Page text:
An answer should come in two parts. First, the connected component of $H$ is $H_0 = \prod \mathrm{SO}(t_i)^d$ and one has a normal covering
$$H/H_0 \longrightarrow G/H_0 \longrightarrow G/H.$$
Because you want real coefficients, the projection embeds the ring you want as the $H/H_0$-invariants of the "easier" ring $H^*(G/H_0)$. I'll explain this after we compute this ring.

Assume $G$ is connected; if not, then $H^*(G/H_0)$ will factor as a direct product of $\pi_0 G$-many copies of $H^*(G_0/H_0)$ anyway. The ring $H^*(G/H_0)$ is the cohomology of the algebra
$$H^*(BH_0) \otimes H^*(G)$$
with a differential $d$ vanishing on the first factor and defined on generators of the exterior algebra $H^*(G) = \Lambda P$ as the composition
$$P \overset\sim\longrightarrow sP \overset\sim\longrightarrow \frac{\tilde H^*(BG)}{\tilde H^*(BG)\cdot \tilde H^*(BG)} \rightarrowtail H^*(BG) \longrightarrow H^*(BH_0).$$
This bears some explanation. The first arrow is a regrading shifting things up one degree: $(sP)^{n+1} := P^n$, and the second isomorphism is due to Borel, who says that elements of these degrees form a set of polynomial generators for $H^*(BG)$ (the composition of these two maps is the transgression in the Serre spectral sequence of the universal bundle $G \to EG \to BG$). The third arrow is a fixed but arbitrary choice of lifting of this module of generators to a subspace of the cohomology ring, and the last map is induced by the inclusion $H_0 \hookrightarrow G$.

Both your rings are examples of this setup. In practice, one describes $H^*(BG)$ as $H^*(BT)^{W_G}$ for $T$ the maximal torus of $G$ and $W_G$ its Weyl group, and the last arrow is determined in terms of the inclusion of the maximal torus of $H_0$ into that of $G$.

To compute invariants, the action of $H/H_0$ on $H^*(G/H_0)$ is induced from that on $H^*(BH_0)$ and is also best computed on the torus level. I won't spell it out in complete detail, but for a generalizable example, the nontrivial element of $\frac{\mathrm{S}(\mathrm{O}(2) \times \mathrm O(2))}{ \mathrm{SO}(2) \times \mathrm{SO}(2)}$ acts on $$H^*\big(\mathrm{SO}(2) \times \mathrm{SO}(2)\big) = \mathbb R[t_1,t_2]$$ (where $|t_j| = 2$) by sending $t_1 \mapsto -t_1$ and $t_2 \mapsto -t_2$, so the invariants are $\mathbb R[t_1^2,t_1 t_2, t_2^2]$.

What happens in your special orthogonal example depends on what $n$ is, as one needs to know if there is an Euler class to worry about. The special unitary case is more uniform.

For a simple example of how such a calculation works, let's consider in $\mathrm{SU}(3)$ the subgroup $S = H = \mathrm{S}\big(\mathrm{U}(1)_\Delta \times \mathrm U(1)\big) = \big\{(z,z,z^{-2})\big\} \cong \mathrm U(1)$. If one considers the maximal torus $T$ of $\mathrm{SU}(3)$ as $\big\{(z,w,zw^{-1})\big\}$, then the inclusion can seen as a sort of diagonal map, and induces $$\mathbb R\cdot\{t_1,t_2\} = H^1(T) \to H^1(S) = \mathbb R\cdot s$$ taking both $t_1,t_2 \mapsto s$. The map $H^2(BT) \to H^2(BS)$ admits the same description. The generators $z_3,z_7$ of $H^*\mathrm{SU}(3)$ are sent to $-(t_1t_2 + t_1^2 +t_2^2)$ and $-(t_1t_2^2 + t_1^2 t_2)$, which are the reductions of the elementary symmetric polynomials $c_2$ and $c_3$ in $t_1,t_2,t_3$ under the identification $t_1+t_2+t_3 = 0$ (the elementary symmetric polynomials generate the $S_n$-invariants of $H^*(BT^n)$, which is $H^*B\mathrm U(n)$, and one "takes trace equal zero" to get the special unitary case).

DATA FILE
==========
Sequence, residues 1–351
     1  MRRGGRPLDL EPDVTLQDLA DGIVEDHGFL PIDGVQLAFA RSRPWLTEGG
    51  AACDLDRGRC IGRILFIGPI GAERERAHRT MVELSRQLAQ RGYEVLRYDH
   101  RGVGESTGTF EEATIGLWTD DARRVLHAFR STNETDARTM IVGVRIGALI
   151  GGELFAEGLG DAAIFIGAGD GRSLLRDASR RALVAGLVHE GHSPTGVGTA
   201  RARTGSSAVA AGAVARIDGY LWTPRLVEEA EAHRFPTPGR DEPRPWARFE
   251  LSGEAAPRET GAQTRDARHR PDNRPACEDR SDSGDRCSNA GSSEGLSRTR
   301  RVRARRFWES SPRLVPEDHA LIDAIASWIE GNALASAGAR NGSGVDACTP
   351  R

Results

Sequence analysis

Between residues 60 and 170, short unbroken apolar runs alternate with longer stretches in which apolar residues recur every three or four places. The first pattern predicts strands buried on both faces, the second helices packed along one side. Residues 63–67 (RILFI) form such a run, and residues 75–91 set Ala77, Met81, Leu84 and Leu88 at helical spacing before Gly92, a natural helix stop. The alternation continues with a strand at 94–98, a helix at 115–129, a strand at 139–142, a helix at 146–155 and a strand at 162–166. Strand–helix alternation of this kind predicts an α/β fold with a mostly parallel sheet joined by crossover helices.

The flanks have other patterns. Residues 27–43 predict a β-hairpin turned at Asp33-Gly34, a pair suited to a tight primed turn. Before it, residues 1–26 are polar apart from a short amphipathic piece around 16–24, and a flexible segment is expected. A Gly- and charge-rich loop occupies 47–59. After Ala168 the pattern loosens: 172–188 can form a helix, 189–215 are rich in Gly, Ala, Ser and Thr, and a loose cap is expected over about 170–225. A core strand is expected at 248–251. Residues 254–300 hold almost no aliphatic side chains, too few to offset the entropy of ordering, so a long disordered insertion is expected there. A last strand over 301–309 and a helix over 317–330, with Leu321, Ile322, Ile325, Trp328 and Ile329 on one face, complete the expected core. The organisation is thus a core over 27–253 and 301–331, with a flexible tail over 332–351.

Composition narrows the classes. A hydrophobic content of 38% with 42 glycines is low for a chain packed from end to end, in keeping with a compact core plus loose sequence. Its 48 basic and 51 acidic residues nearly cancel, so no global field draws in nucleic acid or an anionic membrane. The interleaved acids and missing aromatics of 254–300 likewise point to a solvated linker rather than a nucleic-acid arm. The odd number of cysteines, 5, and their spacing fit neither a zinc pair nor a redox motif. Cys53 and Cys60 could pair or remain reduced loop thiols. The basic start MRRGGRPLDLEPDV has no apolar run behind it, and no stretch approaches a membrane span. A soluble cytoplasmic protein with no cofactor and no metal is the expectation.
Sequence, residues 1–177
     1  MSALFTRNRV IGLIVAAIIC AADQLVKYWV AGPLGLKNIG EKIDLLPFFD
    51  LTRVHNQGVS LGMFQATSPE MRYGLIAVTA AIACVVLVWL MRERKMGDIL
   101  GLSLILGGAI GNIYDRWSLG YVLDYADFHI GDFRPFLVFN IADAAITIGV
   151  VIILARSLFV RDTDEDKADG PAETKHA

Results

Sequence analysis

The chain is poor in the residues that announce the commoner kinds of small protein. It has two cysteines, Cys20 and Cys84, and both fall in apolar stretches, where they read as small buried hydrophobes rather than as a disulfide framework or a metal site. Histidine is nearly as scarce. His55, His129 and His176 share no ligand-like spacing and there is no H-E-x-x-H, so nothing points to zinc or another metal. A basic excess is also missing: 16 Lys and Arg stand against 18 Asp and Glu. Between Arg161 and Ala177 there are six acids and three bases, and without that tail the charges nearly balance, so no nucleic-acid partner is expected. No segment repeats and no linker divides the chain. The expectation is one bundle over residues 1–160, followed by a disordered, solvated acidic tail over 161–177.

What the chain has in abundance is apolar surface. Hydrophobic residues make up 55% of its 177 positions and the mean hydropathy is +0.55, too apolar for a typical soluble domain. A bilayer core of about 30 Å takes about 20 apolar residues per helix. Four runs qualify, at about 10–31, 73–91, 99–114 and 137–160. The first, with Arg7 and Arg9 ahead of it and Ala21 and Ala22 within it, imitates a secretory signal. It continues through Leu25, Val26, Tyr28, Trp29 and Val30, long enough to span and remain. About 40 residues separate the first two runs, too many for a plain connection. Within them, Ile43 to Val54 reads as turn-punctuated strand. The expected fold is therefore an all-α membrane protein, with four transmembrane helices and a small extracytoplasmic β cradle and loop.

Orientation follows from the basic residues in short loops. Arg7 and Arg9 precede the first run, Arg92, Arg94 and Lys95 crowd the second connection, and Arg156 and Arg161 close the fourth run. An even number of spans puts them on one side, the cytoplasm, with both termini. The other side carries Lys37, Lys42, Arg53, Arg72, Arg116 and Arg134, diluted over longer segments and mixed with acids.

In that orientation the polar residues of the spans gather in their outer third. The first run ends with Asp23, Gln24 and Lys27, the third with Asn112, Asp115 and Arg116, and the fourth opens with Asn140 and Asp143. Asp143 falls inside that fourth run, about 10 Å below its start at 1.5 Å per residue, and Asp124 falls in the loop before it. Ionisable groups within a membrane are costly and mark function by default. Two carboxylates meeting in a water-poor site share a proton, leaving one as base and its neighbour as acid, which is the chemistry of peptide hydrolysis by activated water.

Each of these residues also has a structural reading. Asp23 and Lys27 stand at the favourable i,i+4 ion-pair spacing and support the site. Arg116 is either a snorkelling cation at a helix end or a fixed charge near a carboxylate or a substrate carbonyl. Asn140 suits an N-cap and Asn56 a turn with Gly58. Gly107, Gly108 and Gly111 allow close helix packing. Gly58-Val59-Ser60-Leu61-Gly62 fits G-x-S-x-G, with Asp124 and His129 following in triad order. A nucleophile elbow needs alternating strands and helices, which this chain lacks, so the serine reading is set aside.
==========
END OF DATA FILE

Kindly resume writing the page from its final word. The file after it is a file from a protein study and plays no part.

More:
So these generators go under the differential of
$$\mathbb R[s] \otimes \Lambda[z_3,z_5]$$
to $-3s^2$ and $-2s^3$ respectively. One can compute the cohomology algebra then as
$$\mathbb R[s] / (s^2) \otimes \Lambda [z],$$
where $z_3 - 2sz_2/3$ represents $z$.

This algebra is originally due to Cartan and the theorem can also be expressed as a ring isomorphism
$$H^*(G/H_0) \cong \mathrm{Tor}^*_{H^*(BG)}\big(\mathbb R,H^*(BH_0)\big).$$
There is a generalization of this to coefficients in some other ring $k$, usually expressed in terms of the collapse of the Eilenberg—Moore spectral sequence of the fibration $G/H_0 \to BH_0 \to BG$ (see references in Peter May's answer here: Cohomology groups of homogeneous spaces), but this depends on enough primes being invertible or zero in $k$ to make $H^*BG$ and $H^*BH_0$ polynomial.

The standard secondary source for this is the third volume of the book by Greub, Halperin, and Vanstone. A rational version is also developed more economically in more recent books on rational homotopy theory by Felix, Oprea, and Tanré and by Felix, Halperin, and Thomas, but GHV has the best examples section.